We’re all the same…
The Tennessee Board of Examiners for Land surveyors set forth rules and guidelines, governing the licensing of land surveyors. As long as a person meets the requirements and continues to follow the rules, he or she can be a Registered Land Surveyor in Tennessee.
If there is no ranking, how is someone supposed to pick a surveyor? Are you supposed to look in the phone book? Do you look them up online? If you do, how do you know if they are reputable?
There are very few land surveyors listed in the like of Angie’s List and Superpages. Anyone can get themselves listed, they just may not be able to control the reviews. Unfortunately, the average person only posts reviews if there is a problem. Still, how does one know if they are getting what they expect.
If you were hiring someone like a nanny or housekeeper, you would ask for references. You would interview them. You wouldn’t base you entire decision on how much they charged or when they could get the job done.
More surveyors are hired because of just this, when and how much. Most people don’t talk to their potential surveyor more then to ask those questions. Surveying is an are as much as a science. There is a lot of speculation in what a surveyor does. How he or she “decides” on how to interpret the evidence can affect the outcome of a survey. Don’t you think that you should invest a bit more time finding out about your potential “judge, jury, and executioner”?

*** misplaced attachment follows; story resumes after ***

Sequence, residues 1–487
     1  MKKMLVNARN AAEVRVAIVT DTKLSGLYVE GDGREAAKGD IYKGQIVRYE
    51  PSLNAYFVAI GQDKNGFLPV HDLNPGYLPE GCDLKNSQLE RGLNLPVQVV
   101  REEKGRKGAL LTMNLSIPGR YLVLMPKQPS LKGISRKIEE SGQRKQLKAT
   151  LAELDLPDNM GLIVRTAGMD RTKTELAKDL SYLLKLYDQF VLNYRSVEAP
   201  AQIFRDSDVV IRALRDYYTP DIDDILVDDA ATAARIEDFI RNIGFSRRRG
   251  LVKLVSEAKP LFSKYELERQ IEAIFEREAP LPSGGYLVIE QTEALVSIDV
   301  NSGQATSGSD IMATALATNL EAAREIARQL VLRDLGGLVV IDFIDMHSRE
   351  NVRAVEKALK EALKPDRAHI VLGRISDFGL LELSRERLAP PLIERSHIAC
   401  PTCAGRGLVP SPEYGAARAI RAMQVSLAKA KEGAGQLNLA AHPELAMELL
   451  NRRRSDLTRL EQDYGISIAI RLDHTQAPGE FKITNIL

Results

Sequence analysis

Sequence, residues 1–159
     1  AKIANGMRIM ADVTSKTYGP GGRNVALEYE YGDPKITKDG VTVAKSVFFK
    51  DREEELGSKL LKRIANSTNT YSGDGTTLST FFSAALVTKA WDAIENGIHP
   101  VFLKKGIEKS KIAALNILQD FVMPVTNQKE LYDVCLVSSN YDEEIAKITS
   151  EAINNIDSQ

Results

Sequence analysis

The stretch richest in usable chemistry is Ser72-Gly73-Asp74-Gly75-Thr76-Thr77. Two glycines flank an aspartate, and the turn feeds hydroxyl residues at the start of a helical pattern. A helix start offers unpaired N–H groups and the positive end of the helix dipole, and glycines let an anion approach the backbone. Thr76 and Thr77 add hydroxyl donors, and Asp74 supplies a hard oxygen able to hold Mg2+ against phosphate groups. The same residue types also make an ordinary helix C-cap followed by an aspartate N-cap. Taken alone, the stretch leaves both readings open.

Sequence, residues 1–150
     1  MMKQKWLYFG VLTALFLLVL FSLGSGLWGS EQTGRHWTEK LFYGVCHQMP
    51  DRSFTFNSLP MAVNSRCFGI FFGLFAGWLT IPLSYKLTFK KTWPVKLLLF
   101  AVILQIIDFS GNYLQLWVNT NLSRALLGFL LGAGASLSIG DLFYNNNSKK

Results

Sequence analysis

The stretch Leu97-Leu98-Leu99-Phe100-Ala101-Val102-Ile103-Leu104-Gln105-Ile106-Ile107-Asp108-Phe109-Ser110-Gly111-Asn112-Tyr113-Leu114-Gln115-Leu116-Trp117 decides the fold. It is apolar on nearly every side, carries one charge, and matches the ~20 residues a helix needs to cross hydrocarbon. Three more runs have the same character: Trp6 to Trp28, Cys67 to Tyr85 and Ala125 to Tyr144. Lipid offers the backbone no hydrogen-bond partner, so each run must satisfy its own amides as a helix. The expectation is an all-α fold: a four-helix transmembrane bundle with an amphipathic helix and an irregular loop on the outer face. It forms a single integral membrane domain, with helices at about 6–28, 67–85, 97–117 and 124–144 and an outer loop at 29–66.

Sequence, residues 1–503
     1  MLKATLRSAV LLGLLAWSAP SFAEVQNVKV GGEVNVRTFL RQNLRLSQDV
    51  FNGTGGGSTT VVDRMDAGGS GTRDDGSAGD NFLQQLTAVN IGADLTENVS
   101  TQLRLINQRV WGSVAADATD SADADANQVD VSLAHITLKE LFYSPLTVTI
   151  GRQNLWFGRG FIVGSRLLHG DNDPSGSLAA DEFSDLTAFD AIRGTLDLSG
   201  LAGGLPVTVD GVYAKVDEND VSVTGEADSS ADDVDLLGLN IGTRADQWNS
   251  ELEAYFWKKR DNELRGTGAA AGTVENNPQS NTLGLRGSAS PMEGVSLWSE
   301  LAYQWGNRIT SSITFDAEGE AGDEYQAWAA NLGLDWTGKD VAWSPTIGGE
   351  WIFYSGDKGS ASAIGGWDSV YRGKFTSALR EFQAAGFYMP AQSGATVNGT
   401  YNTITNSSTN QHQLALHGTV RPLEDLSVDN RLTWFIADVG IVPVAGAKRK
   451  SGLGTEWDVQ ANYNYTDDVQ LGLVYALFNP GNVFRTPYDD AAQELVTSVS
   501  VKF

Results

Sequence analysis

If you don’t have prior experience with a surveyor, you need to ask around before hiring. Ask friends and neighbors. If they don’t know one, then ask a real estate person. Look for a sign in or near your neighborhood. Call them and ask who they use. If you still have no luck, find a title company in your area and ask them. People who work with surveyors on a regular basis can better direct you to a reputable one.
Many people think that the bigger the firm, the better the service. Unless you are a giant company with gargantuan needs, you would probably be best served by an individual surveyor over a large firm. Small companies tend to see every client as important. A small job for the independent surveyor might make up a large portion of his or her money for the week. A small client can be as important as a large one and therefore gets equal attention. Large companies, especially ones that base most of their business on engineering typically charge more for less.
When you call a small firm, you stand a good chance of talking directly to the surveyor. When someone calls my company (me), I talk to them and work out what is best for them. I listen to their needs. I spend all the time needed to understand and to be understood. I like to believe that this is indicative of a small firm.
No matter how you go about it, research your potential surveyor. Ask him or her for references. Any good surveyor will be willing to give them to you. If they act indignant or hesitant, then call someone else. We all watch those DIY shows and hear the horror stories of bad contractors. Surveyors are contractors too. Check ’em out.
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